An Eagle can Soar: A Poem about Sin, Redemption, and Wonder

An Eagle Can Soar

Time after time, wicked scrape after bloody fall,
I ask, “How is there returning from this?”
I return to the most fundamental of all:
This world has a place where ruin and redemption kiss.

Yet that is not the most fundamental,
Why or how does such a place exist?
How can shattered, battered, tainted souls be gentle?
How, with so much sin and sadness has redemption kissed?

Greatest bliss, fundamental elations:
Christ has given life and limb for me,
All the while I knew Him not nor saw His patience;
But now I see the broken chains fly free.
And I am home amid the tempest of the sea.

The Promised Rest: A Poetic Analysis of the Christian’s Ongoing Struggle

This bitter war does rage within my heart;

Good and evil fight with tooth and nail.

This battlefield was bloody from the start.

Can my guards destroy those who assail?

Will my heart in its sole purpose fail?


With each new day the clamor does upkeep.

While my lungs have breath it has no end.

In morning, day, and night it does not sleep,

Daily fighting, fresh scars does it send.

In this life this battle has no mend.


Without a breath, with failing, weary eyes,

Keep the fight with zeal; there is no choice.

With slashing, blocking, kill these evil spies.

They will block your ears from God’s sweet voice;

Being bound, you will no more rejoice.


Resist their chains with weapons from God’s hand,

Still they tighten, mocking all the more.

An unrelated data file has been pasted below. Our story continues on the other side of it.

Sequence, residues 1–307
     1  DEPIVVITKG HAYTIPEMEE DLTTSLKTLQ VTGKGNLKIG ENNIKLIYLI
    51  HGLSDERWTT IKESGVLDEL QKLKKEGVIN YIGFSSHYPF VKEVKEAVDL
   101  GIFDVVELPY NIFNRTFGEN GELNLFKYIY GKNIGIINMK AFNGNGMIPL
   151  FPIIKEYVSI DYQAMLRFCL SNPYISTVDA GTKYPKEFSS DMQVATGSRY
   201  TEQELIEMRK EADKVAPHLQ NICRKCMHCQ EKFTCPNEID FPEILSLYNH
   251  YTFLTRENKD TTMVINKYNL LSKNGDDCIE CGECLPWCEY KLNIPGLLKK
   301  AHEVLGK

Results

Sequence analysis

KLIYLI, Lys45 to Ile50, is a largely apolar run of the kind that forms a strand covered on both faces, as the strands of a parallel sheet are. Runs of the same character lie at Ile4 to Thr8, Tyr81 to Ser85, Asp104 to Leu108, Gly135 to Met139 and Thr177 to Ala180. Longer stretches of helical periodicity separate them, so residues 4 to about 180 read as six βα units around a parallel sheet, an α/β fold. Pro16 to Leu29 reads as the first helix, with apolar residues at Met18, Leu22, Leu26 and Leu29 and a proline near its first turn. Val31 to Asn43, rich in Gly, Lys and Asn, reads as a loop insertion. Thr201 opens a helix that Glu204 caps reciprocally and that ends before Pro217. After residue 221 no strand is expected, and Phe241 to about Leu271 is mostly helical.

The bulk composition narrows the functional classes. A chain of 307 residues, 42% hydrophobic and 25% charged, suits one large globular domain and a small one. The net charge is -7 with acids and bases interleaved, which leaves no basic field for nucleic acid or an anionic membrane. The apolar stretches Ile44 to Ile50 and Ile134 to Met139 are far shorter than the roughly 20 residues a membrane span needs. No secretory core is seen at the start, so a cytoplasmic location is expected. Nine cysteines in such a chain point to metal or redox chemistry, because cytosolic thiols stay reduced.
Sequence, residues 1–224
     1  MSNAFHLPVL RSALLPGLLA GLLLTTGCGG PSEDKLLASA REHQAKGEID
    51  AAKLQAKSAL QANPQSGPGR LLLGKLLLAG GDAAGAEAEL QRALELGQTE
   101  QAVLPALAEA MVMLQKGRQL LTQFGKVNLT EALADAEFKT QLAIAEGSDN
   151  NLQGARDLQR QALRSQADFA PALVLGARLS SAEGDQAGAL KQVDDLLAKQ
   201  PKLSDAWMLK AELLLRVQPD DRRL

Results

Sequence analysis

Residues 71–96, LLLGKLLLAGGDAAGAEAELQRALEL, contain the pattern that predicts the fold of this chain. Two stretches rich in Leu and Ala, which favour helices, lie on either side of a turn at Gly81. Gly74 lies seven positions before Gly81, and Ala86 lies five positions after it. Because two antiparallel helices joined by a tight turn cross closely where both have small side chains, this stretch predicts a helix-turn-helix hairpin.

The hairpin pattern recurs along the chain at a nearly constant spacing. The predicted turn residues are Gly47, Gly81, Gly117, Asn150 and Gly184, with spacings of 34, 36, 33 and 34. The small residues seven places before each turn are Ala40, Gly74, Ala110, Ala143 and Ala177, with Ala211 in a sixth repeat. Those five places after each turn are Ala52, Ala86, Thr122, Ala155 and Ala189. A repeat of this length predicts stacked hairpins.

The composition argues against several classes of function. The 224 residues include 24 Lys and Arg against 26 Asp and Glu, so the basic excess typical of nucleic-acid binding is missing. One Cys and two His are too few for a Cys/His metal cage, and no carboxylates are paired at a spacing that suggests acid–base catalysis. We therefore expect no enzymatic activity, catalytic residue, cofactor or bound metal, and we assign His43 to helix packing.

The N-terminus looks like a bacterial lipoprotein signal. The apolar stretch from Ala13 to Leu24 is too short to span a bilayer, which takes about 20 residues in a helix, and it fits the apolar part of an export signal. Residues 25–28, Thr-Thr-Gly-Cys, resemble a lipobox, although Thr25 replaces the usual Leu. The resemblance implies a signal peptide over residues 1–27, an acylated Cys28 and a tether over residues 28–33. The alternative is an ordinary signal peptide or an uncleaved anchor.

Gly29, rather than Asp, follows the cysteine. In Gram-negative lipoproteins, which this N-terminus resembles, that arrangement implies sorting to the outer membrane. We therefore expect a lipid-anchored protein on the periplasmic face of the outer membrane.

This enemy is far too great a band.

Chains are heavy; do not play the whore:

Set your face on Christ, that Refuge sure.


I love the chains; do capture me once more!

Worship once again the crafts of man;

I miss the way I bowed to them before.

Running back to deeds from which I ran,

Running back to Egypt, if I can.


Within Mitzrayim, bound now like a dog,

Mercy working in my heart, I cry.

I cry to Jesus sinking in this bog,

Knowing ears do not ignore my sigh,

Care-filled ears  which listen from the sky.


With plague on plague the city is destroyed;

Leading me, my Shepherd is most grand.

The Pharaoh-of-my-Sin is much annoyed,

Chasing while I walk on driest land.

Rushing in, the waters crush that band.


Now Christ is leading to the Mount I know,

Granting me the Law by His great love,

Assuring, Father’s pardons there bestow.

‘Mid flashing fire and smoke, O Holy Dove:

“Keep me always near Your throne above!”


The Mediator sprinkles me with blood,

Cleansing reddened sins now white as snow.

A wretch created from the lowly mud,

I who hated God as my great foe,

As His son the love of God now know.


Once more I journey on to Canaan fair;

Cloud and Fire guide me on my way,

With light by night and shade from burning air,

Eating of the manna for each day,

Safe am I, if yet I do not stray.


My pathway lies through lands of burning wrath;

Enemies abound just up ahead.

With burning heart I walk this narrow path;

All the pilgrims share my Christian dread:

I know I will yet search for other bread.


Alas, my victory is certain still,

Not because my soul has yet been good,

Nor yet because of any human will,

But because the Lord once died yet stood;

He has won where no mere man yet could.


The Lord, my rock and strength in times of trouble,

He is my salvation; in Him I deeply trust.

The Lord alone reduces men to stubble;

He will keep my armor safe from rust,

Making haste to Canaan through this dust.

Wanting: A Literary Analysis of Men in Desperate Need of a Personal God

The monotony of your life lifts a moment.